The TABOR amendment requires voter approval for all state and local tax increases. It also sets limits on how much new revenue that state can spend in a given year. Rising state revenues are pushing the state budget toward that ceiling and may require tax refunds as early as the next budget year.

The legislature could submit a ballot measure to voters asking to retain the extra revenues, but it’s considered unlikely that will happen this session.

A second constitutional provision, the Gallagher amendment, sets limits on property tax collections and acts in combination with TABOR to limit local district revenues, shifting the burden of K-12 funding to the state. And a third provision, Amendment 23, requires school spending to increase by inflation and enrollment growth every year.

What superintendents are asking

A large group of Colorado superintendents came together to push for reduction of what’s called the negative factor, the shortfall in K-12 spending that began building after the 2008 recession.

They had some success with that lobbying effort, and this year superintendents are pushing for addition of $70 million to 2015-16 K-12 spending on top of Hickenlooper’s plan. The proposal would allocate $50 million to districts for at-risk students and $20 million to small rural districts.

A statement proposing that idea was signed by 174 superintendents in November, and several dozen of the district leaders gathered at a news conference Thursday to publicize the idea. (Read full statement.)

“This proposal is not only the right thing to do, it is the smart thing to do,” said Westminster Superintendent Pam Swanson said.

Superintendents pose for group portrait at CASE convention.
Superintendents pose for group portrait at CASE convention.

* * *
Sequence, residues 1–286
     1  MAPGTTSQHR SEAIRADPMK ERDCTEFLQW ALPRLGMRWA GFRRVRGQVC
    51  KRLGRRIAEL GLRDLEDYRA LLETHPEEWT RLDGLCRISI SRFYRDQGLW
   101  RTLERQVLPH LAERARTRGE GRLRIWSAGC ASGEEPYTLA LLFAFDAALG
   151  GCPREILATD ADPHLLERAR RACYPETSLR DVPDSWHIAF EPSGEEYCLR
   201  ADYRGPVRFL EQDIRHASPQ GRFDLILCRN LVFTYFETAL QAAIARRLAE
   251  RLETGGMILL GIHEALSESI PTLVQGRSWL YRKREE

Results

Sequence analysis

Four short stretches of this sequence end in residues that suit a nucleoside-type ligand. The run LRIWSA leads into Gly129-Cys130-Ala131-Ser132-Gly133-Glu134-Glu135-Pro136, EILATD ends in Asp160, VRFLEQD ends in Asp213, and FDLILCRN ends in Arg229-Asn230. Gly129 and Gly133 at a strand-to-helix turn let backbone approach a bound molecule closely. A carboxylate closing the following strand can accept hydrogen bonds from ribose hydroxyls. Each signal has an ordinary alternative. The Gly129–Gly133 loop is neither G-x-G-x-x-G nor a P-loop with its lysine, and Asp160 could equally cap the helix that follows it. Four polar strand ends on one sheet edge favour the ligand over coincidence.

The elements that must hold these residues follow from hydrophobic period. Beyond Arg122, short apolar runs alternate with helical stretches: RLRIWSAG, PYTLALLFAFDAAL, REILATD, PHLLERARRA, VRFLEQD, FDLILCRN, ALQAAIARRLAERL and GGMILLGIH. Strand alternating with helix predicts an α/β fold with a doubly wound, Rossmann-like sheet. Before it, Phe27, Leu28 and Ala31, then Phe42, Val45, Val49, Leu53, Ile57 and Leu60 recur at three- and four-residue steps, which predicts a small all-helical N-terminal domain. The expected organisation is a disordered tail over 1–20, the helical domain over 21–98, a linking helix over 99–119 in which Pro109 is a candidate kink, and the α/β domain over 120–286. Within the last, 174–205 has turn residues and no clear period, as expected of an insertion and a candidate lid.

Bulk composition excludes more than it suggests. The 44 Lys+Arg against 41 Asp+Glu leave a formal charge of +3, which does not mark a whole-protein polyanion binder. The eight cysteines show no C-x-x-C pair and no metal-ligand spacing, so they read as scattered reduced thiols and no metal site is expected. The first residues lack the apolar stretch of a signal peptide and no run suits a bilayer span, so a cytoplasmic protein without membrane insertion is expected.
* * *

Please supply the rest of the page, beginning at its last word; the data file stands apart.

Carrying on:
choosing leaders

Meet one possible successor to departing Denver superintendent Tom Boasberg

PHOTO: Melanie Asmar
Denver Public Schools Deputy Superintendent Susana Cordova addresses teachers at an early literacy training session.

As Denver officials wrestle with how to pick a replacement for longtime superintendent Tom Boasberg, one insider stands out as a likely candidate.

Susana Cordova, the district’s deputy superintendent, already held her boss’s job once before, when Boasberg took an extended leave in 2016. She has a long history with the district, including as a student, graduating from Abraham Lincoln High School, and as a bilingual teacher starting her career more than 20 years ago.

When she was selected to sit in for Boasberg for six months, board members at the time cited her hard work and the many good relationships they saw she had with people. This time around, several community members are saying they want a leader who will listen to teachers and the community.

Cordova, 52, told Chalkbeat she’s waiting to see what the board decides about the selection process, but said she wants to be ready, when they are, to talk about her interest in the position.

“DPS has played an incredibly important role in every aspect of my life. I’m very committed to making sure that we continue to make progress as an organization,” Cordova said. “I believe I have both the passion and the track record to help move us forward.”

During her career, she has held positions as a teacher, principal, and first became an administrator, starting in 2002, as the district’s literacy director.

Just before taking on the role of acting superintendent in 2016, Cordova talked to Chalkbeat about how her education, at a time of desegregation, shaped her experience and about her long path to connecting with her culture.